Budget inaction on stamp duty burden
Despite calls from the housing industry for an urgent lowering or temporary suspension of stamp duty in order to help the ailing housing market, the government’s Budget yesterday ignored such calls and left the stamp duty threshold unchanged at £125,000. This will negatively affect first-time buyers in particular, who are already struggling with a host of other adverse factors.
[UKPRwire, Fri Mar 14 2008] Despite calls from the housing industry for an urgent lowering or temporary suspension of stamp duty in order to help the ailing housing market, the government’s Budget yesterday ignored such calls and left the stamp duty threshold unchanged at £125,000. This will negatively affect first-time buyers in particular, who are already struggling with a host of other adverse factors.
Last month Simon Rubinsohn, chief economist at the Royal Institution of Chartered Surveyors, said that stamp duty has reached “punishing levels” and that a government moratorium on the tax would help to kick-start the housing market and also boost consumer confidence. He pointed out that a precedent for such a move was taken by John Major in 1992, when stamp duty on properties below £250,000 was suspended for eight months in an effort to reinvigorate the market; but banking analysts claim that a similar suspension in the current Budget would cost the government around £100 million per month.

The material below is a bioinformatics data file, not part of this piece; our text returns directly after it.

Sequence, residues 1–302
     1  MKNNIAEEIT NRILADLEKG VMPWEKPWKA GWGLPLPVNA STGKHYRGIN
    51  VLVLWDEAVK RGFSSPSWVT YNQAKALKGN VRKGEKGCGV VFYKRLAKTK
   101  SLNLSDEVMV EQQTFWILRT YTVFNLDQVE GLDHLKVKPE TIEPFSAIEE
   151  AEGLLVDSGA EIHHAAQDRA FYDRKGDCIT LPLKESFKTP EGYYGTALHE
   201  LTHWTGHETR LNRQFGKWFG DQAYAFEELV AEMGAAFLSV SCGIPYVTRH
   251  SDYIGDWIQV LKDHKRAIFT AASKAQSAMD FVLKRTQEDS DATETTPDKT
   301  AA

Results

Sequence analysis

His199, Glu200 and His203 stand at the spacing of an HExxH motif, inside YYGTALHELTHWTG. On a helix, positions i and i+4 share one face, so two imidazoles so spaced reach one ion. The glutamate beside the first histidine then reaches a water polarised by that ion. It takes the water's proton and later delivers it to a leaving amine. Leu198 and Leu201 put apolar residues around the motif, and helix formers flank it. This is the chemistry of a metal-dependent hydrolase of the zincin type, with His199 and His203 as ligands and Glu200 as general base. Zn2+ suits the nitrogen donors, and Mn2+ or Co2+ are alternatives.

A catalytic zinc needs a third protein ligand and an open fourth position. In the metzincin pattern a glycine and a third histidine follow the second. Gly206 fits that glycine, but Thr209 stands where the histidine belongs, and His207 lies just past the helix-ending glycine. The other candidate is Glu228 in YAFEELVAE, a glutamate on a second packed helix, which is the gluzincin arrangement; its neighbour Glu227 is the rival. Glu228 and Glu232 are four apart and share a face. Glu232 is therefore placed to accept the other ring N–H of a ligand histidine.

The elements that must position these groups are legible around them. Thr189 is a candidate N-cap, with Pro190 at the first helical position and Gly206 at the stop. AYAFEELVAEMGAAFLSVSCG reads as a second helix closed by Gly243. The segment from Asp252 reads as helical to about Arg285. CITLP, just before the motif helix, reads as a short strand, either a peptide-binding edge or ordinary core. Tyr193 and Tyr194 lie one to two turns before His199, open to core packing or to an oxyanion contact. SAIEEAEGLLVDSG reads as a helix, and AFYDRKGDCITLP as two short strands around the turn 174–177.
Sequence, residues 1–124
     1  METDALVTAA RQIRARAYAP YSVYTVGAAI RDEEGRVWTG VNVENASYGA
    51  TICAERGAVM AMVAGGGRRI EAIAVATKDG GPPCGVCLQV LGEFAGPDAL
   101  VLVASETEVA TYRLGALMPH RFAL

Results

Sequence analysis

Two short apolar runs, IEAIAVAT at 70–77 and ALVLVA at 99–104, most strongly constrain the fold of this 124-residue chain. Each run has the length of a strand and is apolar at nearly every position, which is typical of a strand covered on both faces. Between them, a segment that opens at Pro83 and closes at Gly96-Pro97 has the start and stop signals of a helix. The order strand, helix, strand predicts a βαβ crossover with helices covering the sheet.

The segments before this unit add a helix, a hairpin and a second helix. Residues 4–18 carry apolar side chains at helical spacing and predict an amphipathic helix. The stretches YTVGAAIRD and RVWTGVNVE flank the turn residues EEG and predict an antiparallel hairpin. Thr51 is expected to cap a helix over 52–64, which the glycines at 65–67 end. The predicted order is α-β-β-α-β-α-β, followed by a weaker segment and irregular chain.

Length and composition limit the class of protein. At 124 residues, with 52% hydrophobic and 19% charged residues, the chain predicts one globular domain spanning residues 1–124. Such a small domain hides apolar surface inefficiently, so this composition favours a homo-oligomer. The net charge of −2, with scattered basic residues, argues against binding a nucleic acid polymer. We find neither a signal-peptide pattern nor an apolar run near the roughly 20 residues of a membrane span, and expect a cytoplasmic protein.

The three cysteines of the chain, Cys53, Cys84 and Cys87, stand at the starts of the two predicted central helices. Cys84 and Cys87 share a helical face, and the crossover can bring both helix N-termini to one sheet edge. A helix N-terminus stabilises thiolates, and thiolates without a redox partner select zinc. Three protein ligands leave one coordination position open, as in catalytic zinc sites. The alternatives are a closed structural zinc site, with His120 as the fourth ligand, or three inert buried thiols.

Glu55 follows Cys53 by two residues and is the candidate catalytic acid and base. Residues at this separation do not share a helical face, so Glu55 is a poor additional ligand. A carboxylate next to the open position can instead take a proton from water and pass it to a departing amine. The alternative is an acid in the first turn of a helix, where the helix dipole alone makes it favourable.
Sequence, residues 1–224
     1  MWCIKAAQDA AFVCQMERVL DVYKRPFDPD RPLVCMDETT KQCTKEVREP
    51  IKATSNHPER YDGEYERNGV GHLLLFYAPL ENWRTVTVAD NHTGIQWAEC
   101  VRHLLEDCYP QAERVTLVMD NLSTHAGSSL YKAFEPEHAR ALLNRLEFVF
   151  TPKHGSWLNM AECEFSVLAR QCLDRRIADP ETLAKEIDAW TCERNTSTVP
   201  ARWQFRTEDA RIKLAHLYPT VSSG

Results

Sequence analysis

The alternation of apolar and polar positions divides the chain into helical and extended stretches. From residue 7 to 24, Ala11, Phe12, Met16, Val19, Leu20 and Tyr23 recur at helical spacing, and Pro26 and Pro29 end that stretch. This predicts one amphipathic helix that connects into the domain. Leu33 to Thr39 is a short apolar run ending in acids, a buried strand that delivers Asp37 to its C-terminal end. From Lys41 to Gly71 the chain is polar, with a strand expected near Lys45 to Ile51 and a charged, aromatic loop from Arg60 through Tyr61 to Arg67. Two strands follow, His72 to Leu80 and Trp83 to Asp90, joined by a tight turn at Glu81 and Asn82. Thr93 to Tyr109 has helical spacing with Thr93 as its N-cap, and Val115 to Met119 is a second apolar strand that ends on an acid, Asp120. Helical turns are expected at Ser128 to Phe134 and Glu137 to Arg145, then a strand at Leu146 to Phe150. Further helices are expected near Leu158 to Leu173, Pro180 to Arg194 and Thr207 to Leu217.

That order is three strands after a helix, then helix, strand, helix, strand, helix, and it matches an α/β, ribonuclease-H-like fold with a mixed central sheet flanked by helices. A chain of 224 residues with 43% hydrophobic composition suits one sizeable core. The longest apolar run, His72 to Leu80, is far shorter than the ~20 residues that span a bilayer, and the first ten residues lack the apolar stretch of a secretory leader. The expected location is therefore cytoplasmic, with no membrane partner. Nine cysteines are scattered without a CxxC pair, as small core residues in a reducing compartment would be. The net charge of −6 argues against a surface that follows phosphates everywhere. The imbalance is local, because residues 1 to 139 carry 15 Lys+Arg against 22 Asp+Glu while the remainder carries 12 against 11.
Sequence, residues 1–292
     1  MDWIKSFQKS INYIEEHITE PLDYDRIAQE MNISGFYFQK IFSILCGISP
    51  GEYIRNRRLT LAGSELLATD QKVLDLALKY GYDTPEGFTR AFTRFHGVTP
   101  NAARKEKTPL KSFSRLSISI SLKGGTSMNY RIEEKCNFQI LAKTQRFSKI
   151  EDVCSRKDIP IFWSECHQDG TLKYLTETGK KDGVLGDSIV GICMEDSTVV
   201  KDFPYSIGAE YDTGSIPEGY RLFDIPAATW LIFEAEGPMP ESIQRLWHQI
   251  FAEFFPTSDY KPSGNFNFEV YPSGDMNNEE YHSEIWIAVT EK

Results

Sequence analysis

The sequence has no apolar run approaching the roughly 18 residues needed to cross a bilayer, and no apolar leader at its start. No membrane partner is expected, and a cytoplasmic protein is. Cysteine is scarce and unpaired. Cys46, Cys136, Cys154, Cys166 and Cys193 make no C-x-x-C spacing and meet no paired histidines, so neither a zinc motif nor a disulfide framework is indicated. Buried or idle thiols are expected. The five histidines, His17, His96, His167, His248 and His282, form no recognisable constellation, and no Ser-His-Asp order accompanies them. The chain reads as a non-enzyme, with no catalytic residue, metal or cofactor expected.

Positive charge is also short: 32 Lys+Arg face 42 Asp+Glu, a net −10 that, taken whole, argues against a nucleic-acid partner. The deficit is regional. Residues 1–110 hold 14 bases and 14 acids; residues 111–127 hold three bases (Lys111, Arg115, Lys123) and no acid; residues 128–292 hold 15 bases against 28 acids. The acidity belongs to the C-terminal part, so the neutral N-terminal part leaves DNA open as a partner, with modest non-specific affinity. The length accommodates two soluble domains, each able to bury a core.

Calls to suspend or radically overhaul stamp duty were also made by the National Association of Estate Agents and the Council of Mortgage Lenders. The latter said that the tax burden has risen tenfold under Labour, which has made it more difficult for families to move home.
The Labour government has reaped the benefits of a huge increase in stamp duty revenues, which were worth £675 million a year prior to 1997, and a decade later are worth £6.4 billion. This enormous increase is due to the growing number of homes worth more than £250,000, the threshold at which the tax rises from 1% to 3%.
The Conservative housing spokesman Grant Shapps said the government “has betrayed ordinary families by making it harder to get on the housing ladder”, blaming higher stamp duty as well as Home Information Packs (HIPs) for making the problem much worse.
Commenting on the new Budget, Lawrence Smith of Decision Homebuyers said, “Freezing stamp duty at the current levels will do nothing to help the struggling housing market, and will come as a blow especially to first-time buyers who need any break they can get – and who are precisely the category which Labour claimed it would help to get a foothold on the property ladder.”
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